We writers quake in our slippers at the thought of actually having to get dressed and emerge from behind our laptop shields. Whether we’re indie or traditionally published, we count our lucky stars that digital marketing is the It Girl. We rely on social media to build our platforms and push our wares on the reading public. No book tours or public speaking for us! Even the big publishers know better than to pay for authors to attend events as lame as book signings!
Digital marketing may be the easy and affordable route, but it’s a huge loss. Sure, reading’s a wonderful solo entertainment—few pleasures beat crawling into bed with a great book—but authors who don’t put in face time with readers cheat not only the people reading their books, but themselves.
Recently, for instance, I was invited to meet with a book club whose members were discussing my new novel, The Wishing Hill. I was stunned when one member pointed out that, early on, a key character is always looking through binoculars or windows.
“It’s a great metaphor for how removed she is from real life,” the reader noted.
I loved her insights on my novel, along with the comments made by her fellow book club members. Any time I’ve appeared in public—at libraries, bookstores, book clubs, house parties, or whatever—I learn as much from my readers asking questions as they do from me talking about writing, publishing, or the book at hand.
Even if you do it on your own dime, I’d urge you to schedule a book tour. Plan it carefully—see the tips below—and you’ll reap infinite rewards, by both building an audience and learning all about what you’re doing right—or wrong—in your writing. Here are some tips to get you started.
1. Forget about Sales. Book tours aren’t really about selling books, though of course that’s always a nice side benefit. They’re really about creating connections between readers and authors, and instigating conversations about reading and writing. Even if you sell just a handful of books at each event, you will have made new friends—and those friends will tell people about you.
2. Plan Your Presentations. Think of a few presentations to appeal to different audiences. If, for instance, your book highlights local settings, you might talk about how and why writers choose certain settings. Or, if your book blossomed from a family story, discuss how you expanded the story into a memoir or novel.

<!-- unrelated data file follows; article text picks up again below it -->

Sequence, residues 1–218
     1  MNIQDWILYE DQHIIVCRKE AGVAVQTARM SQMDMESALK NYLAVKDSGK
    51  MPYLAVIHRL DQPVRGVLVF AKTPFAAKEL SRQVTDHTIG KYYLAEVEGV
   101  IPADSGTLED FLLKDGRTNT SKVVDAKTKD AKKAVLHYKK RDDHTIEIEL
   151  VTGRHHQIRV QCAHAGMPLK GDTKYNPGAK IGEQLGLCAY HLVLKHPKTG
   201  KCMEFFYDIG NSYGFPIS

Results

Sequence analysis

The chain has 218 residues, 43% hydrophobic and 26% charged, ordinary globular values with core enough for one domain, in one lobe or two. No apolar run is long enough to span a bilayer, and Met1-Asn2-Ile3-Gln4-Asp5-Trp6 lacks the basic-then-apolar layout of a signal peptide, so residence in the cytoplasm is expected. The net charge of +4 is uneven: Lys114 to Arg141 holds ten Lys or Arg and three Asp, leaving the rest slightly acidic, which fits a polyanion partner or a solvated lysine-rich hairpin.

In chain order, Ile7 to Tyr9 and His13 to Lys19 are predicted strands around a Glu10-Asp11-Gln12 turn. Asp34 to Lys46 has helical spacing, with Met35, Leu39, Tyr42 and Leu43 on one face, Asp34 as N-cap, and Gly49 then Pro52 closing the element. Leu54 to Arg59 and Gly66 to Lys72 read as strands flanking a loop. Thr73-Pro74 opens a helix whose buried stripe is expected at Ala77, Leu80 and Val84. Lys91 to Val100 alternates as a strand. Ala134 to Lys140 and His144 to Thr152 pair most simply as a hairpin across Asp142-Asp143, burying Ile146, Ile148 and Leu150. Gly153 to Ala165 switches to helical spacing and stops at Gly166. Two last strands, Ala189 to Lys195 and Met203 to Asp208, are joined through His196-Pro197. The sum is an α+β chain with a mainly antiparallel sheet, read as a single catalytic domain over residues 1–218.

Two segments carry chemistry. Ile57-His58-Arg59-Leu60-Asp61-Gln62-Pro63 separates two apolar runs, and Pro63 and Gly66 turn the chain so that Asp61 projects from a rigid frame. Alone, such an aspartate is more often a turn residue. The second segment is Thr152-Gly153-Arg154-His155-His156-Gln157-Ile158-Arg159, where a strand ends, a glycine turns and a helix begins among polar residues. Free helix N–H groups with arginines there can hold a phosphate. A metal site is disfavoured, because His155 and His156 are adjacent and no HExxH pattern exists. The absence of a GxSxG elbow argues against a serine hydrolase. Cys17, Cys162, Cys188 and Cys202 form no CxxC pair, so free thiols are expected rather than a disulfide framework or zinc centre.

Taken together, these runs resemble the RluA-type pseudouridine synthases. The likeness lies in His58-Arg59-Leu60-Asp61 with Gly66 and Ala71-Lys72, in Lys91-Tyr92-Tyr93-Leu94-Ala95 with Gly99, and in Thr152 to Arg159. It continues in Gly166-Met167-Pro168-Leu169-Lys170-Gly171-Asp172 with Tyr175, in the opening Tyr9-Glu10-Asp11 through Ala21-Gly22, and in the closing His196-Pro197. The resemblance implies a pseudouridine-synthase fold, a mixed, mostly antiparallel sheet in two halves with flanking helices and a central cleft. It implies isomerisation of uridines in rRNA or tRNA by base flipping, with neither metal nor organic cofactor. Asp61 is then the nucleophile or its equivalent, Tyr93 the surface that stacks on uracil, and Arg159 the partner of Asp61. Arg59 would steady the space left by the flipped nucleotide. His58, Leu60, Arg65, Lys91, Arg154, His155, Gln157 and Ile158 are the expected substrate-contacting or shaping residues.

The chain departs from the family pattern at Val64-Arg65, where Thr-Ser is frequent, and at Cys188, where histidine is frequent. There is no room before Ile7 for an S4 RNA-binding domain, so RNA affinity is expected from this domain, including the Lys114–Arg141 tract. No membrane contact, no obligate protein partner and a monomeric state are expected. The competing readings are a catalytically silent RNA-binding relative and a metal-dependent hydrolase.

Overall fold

3. Meet Local Booksellers. Take the time to personally visit every bookstore within a reasonable drive. These book sellers are more likely to host an event with you if they feel a personal connection. Some will even host events with indie authors, provided you’re willing to take returns.
4. Visit Libraries. Most libraries sponsor author events. Some host writing workshops. Talk to the librarian or volunteer who organizes community events, offer to donate a book to the library or teach a class, and be sure to help with marketing the event.
5. Ask Everyone You Know about Their Book Clubs. Your friends are always a great resource. Everyone will know someone in a book club; offer to visit these book clubs and discuss your writing.
6. Think Outside the Bookstore. If your book features a social angle, like adoption or caring for aging parents, contact support groups or fund raising organizations and offer to make a presentation about a select topic of interest to that group. Some of these organizations will even be willing to feature your book in their newsletters.
7. Stay for Free. Book touring is a great time to visit your dad’s cousins, your children, or your roommates from college—especially if they have an indie bookstore or library near them. Don’t be shy about showing up on their doorsteps—and always bring the refreshments and offer free signed copies of your books. If you stop thinking about this as a sales pitch and more like a conversation, it’ll be easier to reach out to people who might have fresh ideas about where you can speak or do a book signing.
8. Contact Book Festival Organizers and Universities. Check out local author events and see if there’s a way you can join a panel or visit a class of aspiring readers.
Ready? Set? Go! Write about your own book tour experiences and let me know how they go.
Caleb Pirtle says
You told me the post was on its way, Holly. I’ve been watching for it and I glad it’s finally here. Great job as always. I would love to republish the post if you can send me a word document.
Of course, Caleb. I’m happy you can use it!
Good day! I could have sworn I’ve been to this website before but after checking through some of the post I
realized it’s new to me. Nonetheless, I’m definitely delighted I found it and I’ll be bookmarking and checking back often!